But I started this whole crazy journey and lifestyle way back when because I actually like to sail. And this season I finally found that part of me again.

It started earlier in the summer when a local captain and friend (check out her web site here, she is a fabulous captain and instructor for anyone looking to learn ) invited me to sail with her and some other women in a regatta this summer. Racing is how I really got into sailing back in my early 20's and it's something I have missed a lot. And as we were out there I realized that although I do love this alternative lifestyle, and the travel, and the community, and the closeness to nature and each other, I also love to just sail. Sailing a small monohull around in circles on a hot day, going nowhere, but just sailing for the fun of it, yes! It was so good, and I was so grateful she gave me the opportunity to rediscover that joy again.

And as we were out sailing this month, going nowhere in particular, it hit me again. The hard parts are coming to a close. I am no longer chief baby holder, toddler chaser, and food prep machine. They can handle themselves now. Not completely, but enough so that I can enjoy the sailing part of sailing, instead of just feeling like I am chasing and soothing kids in a wobbly home.

Big boat, small boat, my boat, someone else's boat, going somewhere special, or going around the buoys... it totally doesn't matter. It just feels good being out there.

Saturday, November 01, 2014

Pippi and Sherlock

A long time ago we used to throw Halloween parties. Big, joyful gatherings for the kids to go wild and savor this holiday that is so purely for little people.  And then I had an October baby.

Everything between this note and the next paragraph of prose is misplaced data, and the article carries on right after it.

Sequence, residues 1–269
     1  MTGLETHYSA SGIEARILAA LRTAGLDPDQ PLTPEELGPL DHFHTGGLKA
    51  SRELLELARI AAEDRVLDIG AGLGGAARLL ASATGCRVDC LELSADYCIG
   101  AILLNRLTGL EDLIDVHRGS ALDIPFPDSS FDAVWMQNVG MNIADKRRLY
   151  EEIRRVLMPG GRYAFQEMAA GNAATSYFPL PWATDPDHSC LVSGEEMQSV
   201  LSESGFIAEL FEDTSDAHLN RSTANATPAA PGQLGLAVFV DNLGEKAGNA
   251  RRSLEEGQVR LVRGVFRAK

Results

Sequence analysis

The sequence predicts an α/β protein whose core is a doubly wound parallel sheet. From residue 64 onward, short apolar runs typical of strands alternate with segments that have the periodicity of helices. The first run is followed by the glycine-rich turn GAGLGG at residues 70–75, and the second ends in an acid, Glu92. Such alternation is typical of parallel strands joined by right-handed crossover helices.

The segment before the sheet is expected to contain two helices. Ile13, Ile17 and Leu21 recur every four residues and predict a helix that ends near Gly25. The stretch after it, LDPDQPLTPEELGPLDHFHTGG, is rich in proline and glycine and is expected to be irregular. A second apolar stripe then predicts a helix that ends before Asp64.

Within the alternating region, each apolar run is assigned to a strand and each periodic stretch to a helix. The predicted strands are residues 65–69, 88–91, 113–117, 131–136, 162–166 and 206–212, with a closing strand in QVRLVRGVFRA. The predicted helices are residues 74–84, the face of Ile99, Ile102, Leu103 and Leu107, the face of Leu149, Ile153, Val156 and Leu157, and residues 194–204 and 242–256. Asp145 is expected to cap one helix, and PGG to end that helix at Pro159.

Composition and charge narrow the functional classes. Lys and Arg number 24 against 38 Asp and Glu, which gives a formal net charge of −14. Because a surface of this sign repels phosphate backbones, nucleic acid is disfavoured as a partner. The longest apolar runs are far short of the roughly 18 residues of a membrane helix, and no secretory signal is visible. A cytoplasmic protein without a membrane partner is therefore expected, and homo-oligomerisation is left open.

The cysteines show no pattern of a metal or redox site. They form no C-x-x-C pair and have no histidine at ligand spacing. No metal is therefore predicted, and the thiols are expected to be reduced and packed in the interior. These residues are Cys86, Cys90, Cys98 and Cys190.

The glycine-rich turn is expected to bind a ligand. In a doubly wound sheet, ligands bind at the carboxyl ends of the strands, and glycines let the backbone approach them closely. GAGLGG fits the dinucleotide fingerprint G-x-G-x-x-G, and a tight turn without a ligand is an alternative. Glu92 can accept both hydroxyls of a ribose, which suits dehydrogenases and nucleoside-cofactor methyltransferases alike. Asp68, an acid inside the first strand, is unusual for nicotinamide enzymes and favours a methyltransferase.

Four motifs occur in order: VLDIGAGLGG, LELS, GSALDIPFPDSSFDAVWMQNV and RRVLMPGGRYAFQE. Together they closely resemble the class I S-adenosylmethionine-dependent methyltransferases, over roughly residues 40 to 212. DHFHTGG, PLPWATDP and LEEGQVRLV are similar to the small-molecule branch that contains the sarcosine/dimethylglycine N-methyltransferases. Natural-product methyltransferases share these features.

So now I am just grateful that other people love Halloween as much as I do, so that the kids can enjoy this time without me having to exert any effort.

We carved the flock of pumpkins that landed on our boat. Zach lined them up along the dock so that they could be on display for anyone strolling by.

Zach decided to be classic Sherlock Holmes this year and Naia wanted to be Pippi Longstocking. 

(Sherlock dropped his pipe overboard.)

And when the big night came, we had more than the usual amount of kids boat trick-or-treating. Aside from the neighborhood kids, there were some passing through kid boats and some land based friends of boat kids who joined in making it a mighty herd stomping up the docks. 

Zach was blissed out with his friends collecting sweets and treats. Naia was... overwhelmed. "Too many big kids!", she declared. "And nobody is following the rules! They can't run on the dock." It was just too much for her. 

And she was under the weather to start with, so she only lasted about 20 minutes. My girl who has a huge sweet tooth suddenly had no interest in candy and chocolate, she just wanted to come home, have a mama made pumpkin chocolate chip muffin and cuddle.

It was a happy Halloween.